WILLIAMSTOWN, Mass. — The Mount Greylock School Committee on Thursday OK'd a District Improvement Plan and a set of goals for the newly expanded district's superintendent.
The latter administrative document, the Superintendent Goals, are part of the standard against which the committee will evaluate Superintendent Kimberley Grady's performance.
Ideally, the document would have been approved some months ago, but it was delayed by the fact that the School Committee only was constituted for the first time after the November election. At that time, the newly elected seven-member committee took control of the district from an interim Transition Committee that governed the two-town district since Jan. 1, when it fully regionalized to PreK-12 following a November 2017 vote.
The committee held a special meeting just to approve the goals and improvement plan, adding to a meeting calendar that already sees the body assembling on Dec. 13 for its regular monthly meeting.
Grady explained the goals document and District Improvement Plan as mirroring, in part, the School Improvement Plans developed by the district's three principals and previously presented to the School Committee.
"The key action steps are outlined as well as my benchmarks," Grady said of the Superintendent Goals document. "The benchmarks are things I'll be producing for you."
Committee member Al Terranova, one of the four members of the seven-person panel to attend the special meeting, questioned whether the committee should be approving the documents with just a bare quorum present.
Vice Chairwoman Regina DiLego, who ran the meeting in place of absent Chairman Joe Bergeron, pointed out that all seven members received the documents in advance of the meeting and had the opportunity to express their concerns to the chair or Grady before the vote.
"The purpose of tonight's meeting was to go through the goals to get them approved and not tie up the whole regular meeting next Thursday," DiLego said.
Dan Caplinger agreed.
"I feel like this process has been pushed back further than is ideal for us and the superintendent," Caplinger said. "The superintendent has a job to do as we define it through these goals. The longer we delay it, the longer she has to do her job without the guidance we're responsible to provide.
"I'd ask the acting chair and superintendent if anyone has expressed thoughts in advance of the meeting … Hearing none, I'd be comfortable reviewing them and voting on them."
Grady outlined three broad sets of goals: "Develop a variety of district plans as a result of regionalization, to assure the district is aligning vertically and horizontally to meet the needs of all students Prek-12-plus;" "By June 2019, will have focused activities for faculty, students and families aligned to Every Student Succeeds Act (ESSA) to increase positive relationships with families and members of the community at all three districts;" and "Using the new MCAS accountability system data will work with building Principals and Director of Pupil Services to engage faculty/staff, students and families, so that we have implemented action steps for students target areas not meeting target."
Each of the goals comes with a set of actions that Grady will need to document, like the creation of a Strategic Planning Steering Committee, providing professional development opportunities for teachers related to the ESSA and presenting "fiscally sound budgets that support all children's needs."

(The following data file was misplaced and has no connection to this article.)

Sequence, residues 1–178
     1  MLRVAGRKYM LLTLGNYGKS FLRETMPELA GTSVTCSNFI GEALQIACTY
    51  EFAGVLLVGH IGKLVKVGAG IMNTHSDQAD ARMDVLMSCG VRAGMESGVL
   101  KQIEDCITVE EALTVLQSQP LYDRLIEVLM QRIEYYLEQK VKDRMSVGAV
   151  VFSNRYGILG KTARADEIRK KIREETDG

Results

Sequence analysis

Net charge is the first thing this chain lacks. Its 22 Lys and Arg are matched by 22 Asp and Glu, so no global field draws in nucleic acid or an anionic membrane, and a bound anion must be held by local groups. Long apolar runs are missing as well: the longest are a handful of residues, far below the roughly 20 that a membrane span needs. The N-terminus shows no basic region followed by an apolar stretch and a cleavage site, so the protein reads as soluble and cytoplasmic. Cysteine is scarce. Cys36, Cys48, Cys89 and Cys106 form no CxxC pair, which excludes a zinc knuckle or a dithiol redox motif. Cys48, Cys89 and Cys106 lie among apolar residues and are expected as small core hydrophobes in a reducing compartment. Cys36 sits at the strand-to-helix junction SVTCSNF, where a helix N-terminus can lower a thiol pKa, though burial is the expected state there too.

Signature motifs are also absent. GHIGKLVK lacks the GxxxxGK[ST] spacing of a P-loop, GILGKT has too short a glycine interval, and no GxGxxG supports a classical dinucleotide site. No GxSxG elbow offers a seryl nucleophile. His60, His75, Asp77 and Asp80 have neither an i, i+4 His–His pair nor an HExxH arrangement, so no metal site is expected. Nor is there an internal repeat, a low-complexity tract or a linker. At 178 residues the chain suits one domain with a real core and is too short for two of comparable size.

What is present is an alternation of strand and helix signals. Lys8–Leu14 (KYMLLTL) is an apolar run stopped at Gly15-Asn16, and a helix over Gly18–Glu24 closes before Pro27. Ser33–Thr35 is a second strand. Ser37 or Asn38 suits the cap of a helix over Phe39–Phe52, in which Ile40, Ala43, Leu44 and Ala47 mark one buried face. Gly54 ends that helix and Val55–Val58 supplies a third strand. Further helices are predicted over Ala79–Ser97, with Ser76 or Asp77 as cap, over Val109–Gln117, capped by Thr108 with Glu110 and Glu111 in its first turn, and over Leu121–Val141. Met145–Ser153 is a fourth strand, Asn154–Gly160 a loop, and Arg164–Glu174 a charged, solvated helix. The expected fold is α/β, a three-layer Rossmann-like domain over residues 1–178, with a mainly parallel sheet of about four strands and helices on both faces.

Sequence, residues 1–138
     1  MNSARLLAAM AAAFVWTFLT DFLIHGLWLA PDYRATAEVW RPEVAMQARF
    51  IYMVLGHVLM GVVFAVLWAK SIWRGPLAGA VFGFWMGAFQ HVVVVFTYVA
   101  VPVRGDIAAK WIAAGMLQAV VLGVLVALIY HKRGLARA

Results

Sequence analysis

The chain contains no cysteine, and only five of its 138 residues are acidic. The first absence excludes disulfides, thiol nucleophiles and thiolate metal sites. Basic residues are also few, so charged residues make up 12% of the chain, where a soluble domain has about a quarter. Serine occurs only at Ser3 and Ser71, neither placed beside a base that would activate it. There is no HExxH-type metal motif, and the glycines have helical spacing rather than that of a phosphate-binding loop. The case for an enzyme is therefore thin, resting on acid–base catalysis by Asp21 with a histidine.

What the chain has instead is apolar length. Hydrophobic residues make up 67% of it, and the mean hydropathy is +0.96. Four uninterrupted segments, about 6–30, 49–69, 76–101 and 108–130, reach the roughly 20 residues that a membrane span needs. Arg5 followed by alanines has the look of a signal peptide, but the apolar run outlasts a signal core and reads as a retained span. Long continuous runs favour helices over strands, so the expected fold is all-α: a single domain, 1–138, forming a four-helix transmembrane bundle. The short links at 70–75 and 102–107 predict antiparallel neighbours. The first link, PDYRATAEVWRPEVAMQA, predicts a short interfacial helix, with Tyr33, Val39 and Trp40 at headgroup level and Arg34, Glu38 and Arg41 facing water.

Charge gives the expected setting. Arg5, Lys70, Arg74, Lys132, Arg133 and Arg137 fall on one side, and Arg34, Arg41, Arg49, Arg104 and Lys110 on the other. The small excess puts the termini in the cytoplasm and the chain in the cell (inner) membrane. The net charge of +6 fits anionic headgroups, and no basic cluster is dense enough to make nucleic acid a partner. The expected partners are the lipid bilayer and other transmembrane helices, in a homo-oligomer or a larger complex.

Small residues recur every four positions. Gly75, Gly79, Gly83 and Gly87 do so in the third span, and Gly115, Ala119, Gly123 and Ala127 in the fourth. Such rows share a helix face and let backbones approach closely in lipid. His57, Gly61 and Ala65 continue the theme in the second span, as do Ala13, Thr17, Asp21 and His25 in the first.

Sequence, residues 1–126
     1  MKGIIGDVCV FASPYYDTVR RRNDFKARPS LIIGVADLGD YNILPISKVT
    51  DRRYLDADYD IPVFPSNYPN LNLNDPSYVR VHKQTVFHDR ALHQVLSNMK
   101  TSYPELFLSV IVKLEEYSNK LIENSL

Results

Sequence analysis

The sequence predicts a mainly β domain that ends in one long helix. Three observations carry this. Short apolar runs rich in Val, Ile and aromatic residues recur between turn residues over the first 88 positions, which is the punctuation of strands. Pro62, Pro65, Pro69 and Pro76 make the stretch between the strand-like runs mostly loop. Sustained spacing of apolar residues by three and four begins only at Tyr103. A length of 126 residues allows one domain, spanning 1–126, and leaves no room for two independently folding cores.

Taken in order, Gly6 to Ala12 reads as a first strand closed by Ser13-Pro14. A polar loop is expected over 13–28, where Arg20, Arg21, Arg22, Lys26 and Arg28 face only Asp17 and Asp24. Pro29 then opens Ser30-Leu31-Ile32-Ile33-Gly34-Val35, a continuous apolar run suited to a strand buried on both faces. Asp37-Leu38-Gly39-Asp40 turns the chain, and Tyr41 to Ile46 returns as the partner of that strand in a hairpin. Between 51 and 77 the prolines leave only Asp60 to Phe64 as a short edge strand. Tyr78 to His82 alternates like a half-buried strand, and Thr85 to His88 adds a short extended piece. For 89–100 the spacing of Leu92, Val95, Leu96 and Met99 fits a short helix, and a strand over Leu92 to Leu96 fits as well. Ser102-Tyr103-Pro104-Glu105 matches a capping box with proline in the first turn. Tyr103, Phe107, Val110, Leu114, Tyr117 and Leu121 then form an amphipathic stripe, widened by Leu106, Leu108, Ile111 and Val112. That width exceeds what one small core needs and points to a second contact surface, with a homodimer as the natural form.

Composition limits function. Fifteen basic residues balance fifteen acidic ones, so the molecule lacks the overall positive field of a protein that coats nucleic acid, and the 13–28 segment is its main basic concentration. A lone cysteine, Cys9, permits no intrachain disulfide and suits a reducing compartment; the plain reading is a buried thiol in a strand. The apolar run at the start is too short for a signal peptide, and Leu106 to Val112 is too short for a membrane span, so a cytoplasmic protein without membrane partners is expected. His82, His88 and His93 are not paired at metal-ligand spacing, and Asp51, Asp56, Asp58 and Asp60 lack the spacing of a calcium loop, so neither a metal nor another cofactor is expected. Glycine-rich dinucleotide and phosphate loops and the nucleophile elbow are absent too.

The School Committee will delve into the fiscal 2020 budget process in earnest starting in January, but Thursday's discussion of the District Improvement Plan touched on a couple of issues that likely will impact the budget.
"On the curriculum alignment goal … is it part of the plan to fill the curriculum coordinator position?" Caplinger asked Grady. "My understanding is it was [on the district's organizational chart] because there's a job description for it, but there's been a job description there for the last couple of years and it was unfilled. Is it time to fill it?"
"Absolutely," Grady replied. "We're going to bring the proposed regional positions to you before we begin the budget process."
In other business on Thursday, Grady introduced to the School Committee the members of the district's new Parent Advisory Council. With parents from each of the district's three schools, the new regional council takes the place of the old councils at Mount Greylock, Lanesborough Elementary and Williamstown Elementary.
"They play a big role with regard to special education programming in the region as well as providing input in the budget process," Grady said.
The Mount Greylock PAC's president, Amy Hane, is a parent at the middle-high school and a former president and vice president of the PAC at Williamstown Elementary.
"The PAC is formed per state mandate to serve as an advisory board to the School Committee," Hane told the committee. "We will update you and let you know how things are going. At budget time, we will spend time looking at the budgets related to students with special needs. We will be keeping a finger on the pulse of all three schools regarding how service delivery is going.
"It's a bigger endeavor to go from one school to a regional district, but I think we have formed a great committee and we're up to the challenge."
Hane is joined by three other parents from Mount Greylock, three from Williamstown Elementary and one from Lanesborough Elementary.
Grady also used Thursday's special meeting to update the School Committee on the progress forming another committee, the one that will help develop the expanded district's initial strategic plan. She said that group will start meeting in January with plans to roll out a plan that the School Committee can approve in September.
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